Low Iron


Iron Deficiency and Iron Homeostasis in Low Birth Weight Preterm Infants: A Systematic Review. 
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Jorge Moreno-Fernandez, Julio J. Ochoa, Gladys O. Latunde-Dada, and Javier Diaz-Castro 

“Iron is an essential micronutrient that is involved in many functions in humans, as it plays a criticalrole in the growth and development of the central nervous system, among others. Premature and low birth weight infants have higher iron requirements due to increased postnatal growth compared to that of term infants and are, therefore, susceptible to a higher risk of developing iron deficiency or iron deficiency anaemia.” 


Iron is an essential nutrient that carries oxygen in the blood. It is also vital for energy production, growth development, brain function, immune activity, and healthy cell function. 

Prematurity and low birth weight are major risk factors for the development of iron deficiency in children. 

In the Early Years, Children undergo regular and rapid growth spurts which increase their need for iron. If your child is following a vegan or vegetarian diet, they are at higher risk of iron deficiency and extra care needs to be taken. 

Iron deficiency can affect a child’s energy and their ability to learn or focus. Severe iron deficiency can result in sustained developmental problems. 

The signs and symptoms of iron deficiency anaemia 

Mild anaemia may have no symptoms. As the iron level and blood counts become lower, your infant or toddler may: 

  • Act irritable. 
  • Become short of breath. 
  • Crave unusual foods (called pica) 
  • Eat less food. 
  • Feel tired or weak all the time. 
  • Have a sore tongue. 
  • Have headaches or dizziness. 

With more severe anaemia, your child may have: 

  • Blue-tinged or pale whites of eyes 
  • Brittle nails 
  • Pale skin colour 


To prevent iron deficiency in the Early Years: 

Do not give your baby cow's milk until age 1 year. Babies under age 1 year have a difficult time digesting cow's milk. Use either breast milk or formula fortified with iron. 

After 6 months, your baby will start to need more iron in their diet. Start solid foods with iron-fortified baby cereal mixed with breast milk or formula. 

Iron-rich pureed meats, fruits, and vegetables can also be started. 

After age 1 year, you may give your baby whole milk in place of breast milk or formula. 

Eating healthy foods is the most important way to prevent and treat iron deficiency. Good sources of iron include: 

  • Apricots 
  • Chicken, turkey, fish, and other meats 
  • Dried beans, lentils, and soybeans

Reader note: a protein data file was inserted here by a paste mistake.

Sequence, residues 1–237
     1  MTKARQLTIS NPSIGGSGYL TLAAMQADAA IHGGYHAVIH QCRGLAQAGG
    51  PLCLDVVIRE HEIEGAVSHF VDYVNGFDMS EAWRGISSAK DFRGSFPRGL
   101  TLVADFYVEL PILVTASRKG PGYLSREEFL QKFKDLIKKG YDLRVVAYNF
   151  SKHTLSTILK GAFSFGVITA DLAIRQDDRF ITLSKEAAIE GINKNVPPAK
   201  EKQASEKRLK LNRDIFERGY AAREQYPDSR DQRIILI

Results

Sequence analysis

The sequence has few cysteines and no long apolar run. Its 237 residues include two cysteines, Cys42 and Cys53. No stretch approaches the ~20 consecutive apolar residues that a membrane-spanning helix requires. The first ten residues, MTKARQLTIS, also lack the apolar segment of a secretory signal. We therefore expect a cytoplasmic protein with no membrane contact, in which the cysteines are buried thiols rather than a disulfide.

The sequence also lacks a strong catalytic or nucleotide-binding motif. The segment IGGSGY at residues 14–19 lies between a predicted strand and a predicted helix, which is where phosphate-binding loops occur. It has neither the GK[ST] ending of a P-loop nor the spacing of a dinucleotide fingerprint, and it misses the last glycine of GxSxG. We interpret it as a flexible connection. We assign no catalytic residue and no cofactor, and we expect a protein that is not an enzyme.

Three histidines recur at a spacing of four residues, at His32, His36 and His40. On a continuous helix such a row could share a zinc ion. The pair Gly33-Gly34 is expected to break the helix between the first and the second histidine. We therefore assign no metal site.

• Eggs 
  • Liver 
  • Molasses 
  • Oatmeal 
  • Peanut butter 
  • Prune juice 
  • Raisins and prunes 
  • Spinach, kale and other greens 

Picky eaters may be at risk of iron deficiency due to inadequate food intake or a reduced variety in their diet. It’s important to seek advice from an accredited Practising Dietitian, doctor, or child health nurse. 

If you suspect your child may have iron deficiency, talk to your child’s doctor and he/she can arrange for screening to check iron levels. Diagnosis also involved the exclusion of other illnesses that have similar symptoms. Too much Iron can be toxic, so it is important to avoid giving iron supplementation to your child unless advised to do so by your doctor. 

Being aware of the symptoms of iron deficiency in children and what foods contain iron will help prevent your child from developing iron deficiency anaemia. This will all help ease any anxiety you might possibly feel.  

Useful Links 

Raising Children 


The Royal Children’s Hospital, Melbourne 


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Disclaimer: This publication by Miracle Babies Foundation is intended solely for general education and assistance and it is it is not medical advice or a healthcare recommendation. It should not be used for the purpose of medical diagnosis or treatment for any individual condition. This publication has been developed by our Parent Advisory Team (all who are parents of premature and sick babies) and has been reviewed and approved by a Clinical Advisory Team. This publication is not a substitute for professional medical advice. Miracle Babies Foundation recommends that professional medical advice and services be sought out from a qualified healthcare provider familiar with your personal circumstances.To the extent permitted by law, Miracle Babies Foundation excludes and disclaims any liability of any kind (directly or indirectly arising) to any reader of this publication who acts or does not act in reliance wholly or partly on the content of this general publication. If you would like to provide any feedback on the information please email [email protected].